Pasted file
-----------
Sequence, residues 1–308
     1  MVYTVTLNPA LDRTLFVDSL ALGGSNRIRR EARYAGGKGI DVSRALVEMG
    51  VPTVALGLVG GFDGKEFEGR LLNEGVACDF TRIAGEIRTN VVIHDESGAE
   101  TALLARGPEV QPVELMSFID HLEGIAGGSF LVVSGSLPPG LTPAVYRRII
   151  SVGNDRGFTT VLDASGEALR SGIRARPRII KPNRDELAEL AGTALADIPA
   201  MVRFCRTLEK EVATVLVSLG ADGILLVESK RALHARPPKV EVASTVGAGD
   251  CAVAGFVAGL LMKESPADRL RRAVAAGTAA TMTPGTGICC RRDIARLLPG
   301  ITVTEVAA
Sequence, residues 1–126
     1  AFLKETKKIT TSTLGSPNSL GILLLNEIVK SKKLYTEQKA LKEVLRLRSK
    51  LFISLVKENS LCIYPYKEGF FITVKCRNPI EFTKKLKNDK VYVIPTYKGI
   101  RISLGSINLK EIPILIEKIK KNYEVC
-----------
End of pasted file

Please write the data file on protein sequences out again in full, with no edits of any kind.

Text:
Sequence, residues 1–308
     1  MVYTVTLNPA LDRTLFVDSL ALGGSNRIRR EARYAGGKGI DVSRALVEMG
    51  VPTVALGLVG GFDGKEFEGR LLNEGVACDF TRIAGEIRTN VVIHDESGAE
   101  TALLARGPEV QPVELMSFID HLEGIAGGSF LVVSGSLPPG LTPAVYRRII
   151  SVGNDRGFTT VLDASGEALR SGIRARPRII KPNRDELAEL AGTALADIPA
   201  MVRFCRTLEK EVATVLVSLG ADGILLVESK RALHARPPKV EVASTVGAGD
   251  CAVAGFVAGL LMKESPADRL RRAVAAGTAA TMTPGTGICC RRDIARLLPG
   301  ITVTEVAA
Sequence, residues 1–126
     1  AFLKETKKIT TSTLGSPNSL GILLLNEIVK SKKLYTEQKA LKEVLRLRSK
    51  LFISLVKENS LCIYPYKEGF FITVKCRNPI EFTKKLKNDK VYVIPTYKGI
   101  RISLGSINLK EIPILIEKIK KNYEVC